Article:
Located on the south west corner of Goat Square this cottage is classically Germanic. It was built on the edge of the footpath.
18. Rieschiek House
Located on the north west corner of Goat Square, this cottage was built for Johann Gottlob Rieschiek, a shoemaker, and was used for church services in 1860 by the Lutheran congregation that built St John’s church.
19. Tanunda Recreation Park and Oval
Located at the end of Maria Street and adjoining Elizabeth Street, the Recreation Park is the centre of Tanunda’s festive life with the Liedertafel (men’s choral group) performing regularly and the annual brass band competitions being held on the oval. Nearby is the Tanunda Kegelbahn (skittle alley). This elongated galvanised building is the only example of a nine pin German skittle alley in the southern hemisphere.
21. E. Schrapel & Sons Department Store (former coach factory)
Located at 90 Murray Street, opposite the impressive band rotunda, the Schrapel premises was originally a coach and implement factory, before becoming a department store. Schrapels also provided the first electricity generating plant in 1925.
Chateau Tanunda winery
Located next to the Tanunda railway station, Chateau Tanunda was established in 1889 by John Basedow who combined with investors Sir Samuel Davenport, Mrs Cleland and others to raise over £37,000 to build the chateau. It was completed in 1890 and, at that time, it was the largest winery building in Australia. The bluestone used in its construction was quarried at Bethany. Although the first vines were planted in the late 1840s there was no commercial production of wine until around 1890. From 1916 until 1998 Chateau Tanunda was owned and run by the Seppelt family.
Other Attractions in the Area
Wineries in the Area
In areas like the Barossa Valley, where there are over 150 cellar doors, it is best to refer to the specific knowledge provided by the local tourist information sites. The Barossa Winery Search site (https://www.barossa.com/wine/wineries-search) provides a map and all the details of opening hours, phone numbers and contact points.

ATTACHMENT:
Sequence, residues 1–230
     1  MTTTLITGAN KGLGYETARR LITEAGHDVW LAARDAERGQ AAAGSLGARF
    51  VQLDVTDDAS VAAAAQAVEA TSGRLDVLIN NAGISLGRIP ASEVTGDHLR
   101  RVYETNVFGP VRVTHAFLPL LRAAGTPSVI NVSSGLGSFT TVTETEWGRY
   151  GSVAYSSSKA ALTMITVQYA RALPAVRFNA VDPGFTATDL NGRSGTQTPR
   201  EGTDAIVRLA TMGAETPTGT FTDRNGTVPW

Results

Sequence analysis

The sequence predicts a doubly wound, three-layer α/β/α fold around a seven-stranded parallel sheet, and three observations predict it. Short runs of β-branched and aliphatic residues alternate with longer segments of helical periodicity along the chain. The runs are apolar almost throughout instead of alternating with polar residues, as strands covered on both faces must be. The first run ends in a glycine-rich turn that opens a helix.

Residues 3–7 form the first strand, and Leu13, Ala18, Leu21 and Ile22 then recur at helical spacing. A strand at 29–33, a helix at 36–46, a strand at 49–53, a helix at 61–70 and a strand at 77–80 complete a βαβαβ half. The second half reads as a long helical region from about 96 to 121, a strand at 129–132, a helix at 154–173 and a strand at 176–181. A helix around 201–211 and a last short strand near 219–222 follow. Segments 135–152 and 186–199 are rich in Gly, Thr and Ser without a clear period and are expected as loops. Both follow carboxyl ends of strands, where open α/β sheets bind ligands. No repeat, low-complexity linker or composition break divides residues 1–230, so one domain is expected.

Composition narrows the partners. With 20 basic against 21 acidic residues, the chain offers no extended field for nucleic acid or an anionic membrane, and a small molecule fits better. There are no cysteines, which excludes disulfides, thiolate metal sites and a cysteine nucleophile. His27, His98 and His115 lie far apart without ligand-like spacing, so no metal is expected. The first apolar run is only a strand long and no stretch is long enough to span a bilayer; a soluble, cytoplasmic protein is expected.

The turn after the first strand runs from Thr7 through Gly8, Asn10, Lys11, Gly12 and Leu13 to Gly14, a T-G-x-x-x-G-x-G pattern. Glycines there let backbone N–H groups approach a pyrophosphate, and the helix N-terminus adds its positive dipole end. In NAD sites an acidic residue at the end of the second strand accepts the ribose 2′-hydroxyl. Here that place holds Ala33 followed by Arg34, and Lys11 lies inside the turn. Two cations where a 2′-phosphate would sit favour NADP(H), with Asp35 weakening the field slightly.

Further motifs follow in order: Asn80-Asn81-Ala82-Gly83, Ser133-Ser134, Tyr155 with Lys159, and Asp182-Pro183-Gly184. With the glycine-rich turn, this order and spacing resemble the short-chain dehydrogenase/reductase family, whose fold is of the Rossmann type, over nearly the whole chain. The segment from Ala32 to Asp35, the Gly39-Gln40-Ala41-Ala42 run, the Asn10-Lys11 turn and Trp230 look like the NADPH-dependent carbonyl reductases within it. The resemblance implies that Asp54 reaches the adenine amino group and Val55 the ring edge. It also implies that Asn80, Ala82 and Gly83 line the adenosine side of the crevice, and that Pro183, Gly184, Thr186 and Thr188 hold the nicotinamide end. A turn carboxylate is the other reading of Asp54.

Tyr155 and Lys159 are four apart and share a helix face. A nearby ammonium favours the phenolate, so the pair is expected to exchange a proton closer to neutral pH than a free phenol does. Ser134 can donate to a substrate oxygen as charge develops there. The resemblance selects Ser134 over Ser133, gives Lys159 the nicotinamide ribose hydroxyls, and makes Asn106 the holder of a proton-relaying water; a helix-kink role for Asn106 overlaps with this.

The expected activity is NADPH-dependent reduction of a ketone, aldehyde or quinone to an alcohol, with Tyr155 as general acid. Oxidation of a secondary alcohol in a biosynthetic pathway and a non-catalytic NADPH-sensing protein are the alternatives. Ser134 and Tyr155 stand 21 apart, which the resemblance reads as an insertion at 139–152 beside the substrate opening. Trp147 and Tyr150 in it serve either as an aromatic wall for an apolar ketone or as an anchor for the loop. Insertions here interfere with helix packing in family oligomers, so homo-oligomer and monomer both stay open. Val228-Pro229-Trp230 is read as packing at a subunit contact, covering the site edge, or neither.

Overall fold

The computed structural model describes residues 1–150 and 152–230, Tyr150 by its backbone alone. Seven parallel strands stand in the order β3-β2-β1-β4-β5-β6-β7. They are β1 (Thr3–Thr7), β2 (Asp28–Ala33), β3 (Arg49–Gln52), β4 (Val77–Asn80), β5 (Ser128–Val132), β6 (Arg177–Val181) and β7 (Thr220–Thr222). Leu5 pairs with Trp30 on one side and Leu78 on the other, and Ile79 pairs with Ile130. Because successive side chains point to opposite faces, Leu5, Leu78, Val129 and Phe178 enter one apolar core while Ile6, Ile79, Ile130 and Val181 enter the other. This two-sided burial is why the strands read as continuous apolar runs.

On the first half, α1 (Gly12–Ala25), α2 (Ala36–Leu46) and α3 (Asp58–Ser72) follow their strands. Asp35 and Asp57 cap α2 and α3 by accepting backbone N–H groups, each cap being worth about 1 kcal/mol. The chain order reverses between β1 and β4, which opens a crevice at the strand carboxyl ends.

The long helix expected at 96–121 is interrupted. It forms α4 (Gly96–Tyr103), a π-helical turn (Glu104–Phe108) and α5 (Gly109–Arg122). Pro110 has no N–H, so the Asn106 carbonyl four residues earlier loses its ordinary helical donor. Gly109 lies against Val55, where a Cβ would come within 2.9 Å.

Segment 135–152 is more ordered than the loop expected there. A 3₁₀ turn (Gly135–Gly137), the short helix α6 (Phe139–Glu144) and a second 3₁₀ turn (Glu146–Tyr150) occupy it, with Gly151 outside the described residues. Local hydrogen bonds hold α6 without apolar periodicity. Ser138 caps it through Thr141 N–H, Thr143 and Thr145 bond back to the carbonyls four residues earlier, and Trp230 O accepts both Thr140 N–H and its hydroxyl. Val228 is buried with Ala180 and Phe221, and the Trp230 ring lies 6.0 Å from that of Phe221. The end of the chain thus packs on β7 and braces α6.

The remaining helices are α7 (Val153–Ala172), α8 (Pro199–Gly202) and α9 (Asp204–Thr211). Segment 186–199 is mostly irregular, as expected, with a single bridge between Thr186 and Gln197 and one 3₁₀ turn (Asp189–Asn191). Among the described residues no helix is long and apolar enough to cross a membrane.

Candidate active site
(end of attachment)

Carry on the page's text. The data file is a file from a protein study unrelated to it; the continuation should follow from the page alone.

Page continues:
Mengler's Hill Lookout
Mengler's Hill Road, the road that connects Tanunda and Angaston and crosses the Barossa Valley, offers seemingly endless views of the vineyards and the richness of the Barossa Valley. The hill was named after an early local vine grower, Mr Mengler.
Barossa Sculpture Park
Located on Mengler's Hill Road 6 km from Tanunda, the Barossa Sculpture Park is an impressive collection of sculptures positioned overlooking the Barossa Valley between Tanunda and Angaston. The Sculpture Park started in 1988 when the Barossa International Sculpture Symposium invited nine sculptors to carve super-sized works from granite and marble. Twenty years later, in 2008, a second Symposium was held and another eight works, all in black or brown granite, were added. For more information check out https://www.barossasculpturepark.com.
* Prior to European settlement the area was home to the Kaurna Aboriginal people.
* In December 1837 European explorers reached Lyndoch.
* By 1838 other explorers had reached the Murray River passing through the Barossa Valley. The valley was named by Colonel Light after Barrosa (Hill of Roses) in Spain where he had fought against the French in 1811 in the Peninsula War. The spelling mistake was never corrected.
* By 1839 Colonel Light, the Surveyor General of South Australia, started selling off large tracts of land in the valley.
* German settlers arrived in Langmeil (it changed its name to Tanunda) in 1843 as a result of the work of Pastor Augustus Kavel who had contracted for the land on 30 June, 1839.
* A Lutheran School was opened in 1845. It was the first building in Tanunda.
* In 1846 a Lutheran church made from timber, thatch and calico was built.
* A flour mill started operating in 1850.
* By 1855 there was a German newspaper, a number of Lutheran churches, a German 9 pin bowling alley and a local liedertafel (choir)
* In 1857 the Tanunda Town Band (known as the Oom-pah Band) was formed
* In 1859 a local paper, The Register, published the note: 'Tanunda is not, as many suppose, German, but a native appellation of the ancient lords of the soil, and has reference to the waters that skirt the place the year round.'
* In 1866 a Post Office and Telegraph Station was opened. That same year saw the opening of the local Court House.
* A state government school was opened in 1877.
* Chateau Tanunda was opened in 1889 by John Basedow.
* The railway reached the town in 1911.
* In 1913 a railway station was opened.
* In 1917, due to anti-German sentiment during World War I, the Lutheran School was closed.
* In 1951 the first edition of the Barossa and Light Herald was published.
* Today the town has a distinctly German feel with sausage shops, German bread shops, German-style restaurants and vineyards.^ TOP
Barossa Visitor Information Centre, 66-68 Murray Street, tel: 1300 852 982. Open: Monday to Friday 9.00 am - 5.00 pm; Saturday 9.00 am - 4.00 pm; Sunday and Public Holidays 10.00 am - 4.00 pm.^ TOP
There is a useful official website. Check out https://www.barossa.com.^ TOP